Friday, March 28, 2014

Attention heteros: extremist NE AG, Jon Bruning, doesn't think you have a right to be divorced either

Margie and Bonnie Nichols, married in Iowa in 2009 and together for longer than a decade, are finding that the road to splitsville doesn't end in Nebraska.
     In August,  Lancaster County District Judge Stephanie Stacy dismissed their divorce case, writing in her order, “A finding that the marriage is irretrievably broken — by its very nature — cannot be made without recognizing the marriage itself, and it stretches logic and common sense to conclude otherwise.”
     Nebraska constitutionally banned same sex marriage, civil unions and domestic partnerships in 2000 in one of the most draconian exclusions in the USA.
     Now, uber-homophobic Nebraska Attorney General Jon Bruning, currently campaigning for a promotion to governor after Cornhusker voters rejected his Senate bid, has weighed in on the case:
     Bruning’s office argued the constitutionality of Nebraska’s same-sex marriage law shouldn’t be considered and said divorce isn’t a right.
     “Bonnie cites no authority for the proposition that divorce is a fundamental right or a privilege and immunity guaranteed by the federal constitution. This is because there is no authority for such a proposition,” the Attorney General’s Office wrote.
     ACLU and Legal Aid argued divorce could be handled without delving into the constitutionality of Nebraska’s prohibition of same-sex marriage, and that not letting courts hear these cases violates the due process and equal protection clauses of the U.S. Constitution.
     For Margie and Bonnie Nichols, the inability to get divorced raises a number of potential problems and liabilities related to filing federal taxes, being responsible for each other’s debt, Social Security income and other retirement benefits. Mikolajczyk [of Omaha-based Domina Law Group] said an annulment doesn’t offer the same legal protections as a divorce, nor does it address issues of alimony or property division.
     The women cannot remarry, even to someone of the opposite sex. Doing so without a divorce would run afoul of bigamy laws, which come with criminal penalties.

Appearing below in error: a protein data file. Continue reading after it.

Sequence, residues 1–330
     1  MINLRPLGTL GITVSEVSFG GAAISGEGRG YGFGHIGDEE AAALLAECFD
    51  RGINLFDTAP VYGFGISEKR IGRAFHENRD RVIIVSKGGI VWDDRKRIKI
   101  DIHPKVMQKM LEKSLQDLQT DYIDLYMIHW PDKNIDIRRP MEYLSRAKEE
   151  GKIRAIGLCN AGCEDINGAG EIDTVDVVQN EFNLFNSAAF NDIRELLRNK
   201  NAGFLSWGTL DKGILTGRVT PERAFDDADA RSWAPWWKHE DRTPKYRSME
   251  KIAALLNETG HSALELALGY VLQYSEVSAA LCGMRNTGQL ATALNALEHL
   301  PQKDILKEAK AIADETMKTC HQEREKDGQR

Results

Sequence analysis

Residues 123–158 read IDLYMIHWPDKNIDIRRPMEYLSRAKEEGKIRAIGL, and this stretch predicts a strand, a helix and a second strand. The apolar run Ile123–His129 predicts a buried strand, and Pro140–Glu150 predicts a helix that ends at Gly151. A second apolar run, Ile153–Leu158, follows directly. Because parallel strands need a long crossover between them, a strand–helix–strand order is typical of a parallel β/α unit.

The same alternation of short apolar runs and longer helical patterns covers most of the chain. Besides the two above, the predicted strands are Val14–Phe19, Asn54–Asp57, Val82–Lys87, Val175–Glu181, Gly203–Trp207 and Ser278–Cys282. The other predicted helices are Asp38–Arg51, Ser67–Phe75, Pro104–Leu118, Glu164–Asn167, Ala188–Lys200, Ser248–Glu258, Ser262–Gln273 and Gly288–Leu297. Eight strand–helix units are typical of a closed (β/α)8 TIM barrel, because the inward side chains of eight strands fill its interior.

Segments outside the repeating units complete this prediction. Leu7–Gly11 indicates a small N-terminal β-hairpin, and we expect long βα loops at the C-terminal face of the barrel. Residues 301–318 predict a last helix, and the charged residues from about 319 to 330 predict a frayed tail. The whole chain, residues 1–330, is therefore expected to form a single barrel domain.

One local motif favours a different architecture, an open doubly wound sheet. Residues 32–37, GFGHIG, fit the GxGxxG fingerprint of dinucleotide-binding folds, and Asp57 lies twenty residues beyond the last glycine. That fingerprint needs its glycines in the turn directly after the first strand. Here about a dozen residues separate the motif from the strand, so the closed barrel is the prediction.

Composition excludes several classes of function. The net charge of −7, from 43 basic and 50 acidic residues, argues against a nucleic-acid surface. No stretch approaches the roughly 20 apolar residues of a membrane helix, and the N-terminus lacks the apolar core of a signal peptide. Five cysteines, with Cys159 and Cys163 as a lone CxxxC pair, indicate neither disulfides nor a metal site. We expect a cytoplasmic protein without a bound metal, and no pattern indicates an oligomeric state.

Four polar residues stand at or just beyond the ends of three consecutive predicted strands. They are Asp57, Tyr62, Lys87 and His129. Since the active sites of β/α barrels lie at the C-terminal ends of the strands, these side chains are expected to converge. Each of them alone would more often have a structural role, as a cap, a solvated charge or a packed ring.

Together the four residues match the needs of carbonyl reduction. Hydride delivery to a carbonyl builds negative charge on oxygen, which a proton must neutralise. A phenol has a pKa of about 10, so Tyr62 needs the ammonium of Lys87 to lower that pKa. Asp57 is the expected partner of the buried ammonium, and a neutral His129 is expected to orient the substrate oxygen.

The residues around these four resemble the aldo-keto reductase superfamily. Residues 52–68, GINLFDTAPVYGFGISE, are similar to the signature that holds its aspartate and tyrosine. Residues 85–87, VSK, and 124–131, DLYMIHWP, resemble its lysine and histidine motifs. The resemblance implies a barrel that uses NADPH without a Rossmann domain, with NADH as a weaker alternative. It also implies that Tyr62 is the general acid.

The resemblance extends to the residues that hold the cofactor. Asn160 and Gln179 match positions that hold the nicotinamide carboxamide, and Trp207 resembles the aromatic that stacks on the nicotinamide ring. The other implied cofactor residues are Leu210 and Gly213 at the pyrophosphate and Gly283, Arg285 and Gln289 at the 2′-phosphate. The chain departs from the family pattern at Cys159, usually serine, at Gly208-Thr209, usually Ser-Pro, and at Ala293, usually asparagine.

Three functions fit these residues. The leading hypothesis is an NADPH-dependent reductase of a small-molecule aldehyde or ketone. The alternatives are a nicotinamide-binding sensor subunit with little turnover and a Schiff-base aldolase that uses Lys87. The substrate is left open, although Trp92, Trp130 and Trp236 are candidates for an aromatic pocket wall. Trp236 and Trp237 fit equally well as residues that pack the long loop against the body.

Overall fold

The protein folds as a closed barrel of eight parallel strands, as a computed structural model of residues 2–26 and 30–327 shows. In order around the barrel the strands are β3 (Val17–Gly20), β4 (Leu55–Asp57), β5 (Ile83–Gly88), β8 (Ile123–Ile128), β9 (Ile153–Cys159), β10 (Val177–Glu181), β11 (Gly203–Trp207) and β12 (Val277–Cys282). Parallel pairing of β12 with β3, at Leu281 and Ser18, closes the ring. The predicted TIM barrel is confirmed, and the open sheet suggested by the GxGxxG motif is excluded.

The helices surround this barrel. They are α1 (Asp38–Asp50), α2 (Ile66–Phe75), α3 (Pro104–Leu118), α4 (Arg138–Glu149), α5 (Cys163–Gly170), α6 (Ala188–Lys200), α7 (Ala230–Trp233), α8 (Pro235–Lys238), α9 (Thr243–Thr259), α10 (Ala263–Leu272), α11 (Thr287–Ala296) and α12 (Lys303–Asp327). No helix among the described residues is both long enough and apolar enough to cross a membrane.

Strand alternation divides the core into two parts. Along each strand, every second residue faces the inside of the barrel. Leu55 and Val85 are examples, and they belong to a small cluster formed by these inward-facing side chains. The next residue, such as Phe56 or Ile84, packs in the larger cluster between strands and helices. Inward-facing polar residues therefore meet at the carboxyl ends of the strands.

“They want to terminate this contract just as anyone else in our state has the right to dissolve their marriage,” Mikolajczyk said. “They both would like the opportunity to move on with their lives, and you can’t really do that if other states and the federal government perceive them as still married.”
Nebraska AG Jon Bruning pictured
with Eames and Barcelona chairs
     In November 2003, Jon Bruning said Massachusetts' Supreme Court ruling against that state's ban on gay marriages was ridiculous. "Does that mean you have to allow a man to marry his pet, or a man to marry his chair?" Bruning said. "I mean, at some point, it needs to stop." [Associated Press, 11/18/03]
     In 2011, Jon Bruning had Nebraska State Senator Mike Gloor introduce legislation punishing HIV+ Nebraskans who sneezed in the direction of a cop with up to five years in prison and a $10,000 fine — despite the fact that the CDC has repeatedly said that saliva has never been shown to transmit HIV.
     In 2012, after state Senator Beau McCoy's bill to kill looming gay rights ordinances in Omaha and Lincoln died in committee, Bruning issued an opinion that LGBT rights ordinances were illegal anyway despite contrary opinions by city attorneys in both Lincoln and Omaha.
     Nebraska's action leaves just five states in which marriage equality lawsuits have not been challenged recently.

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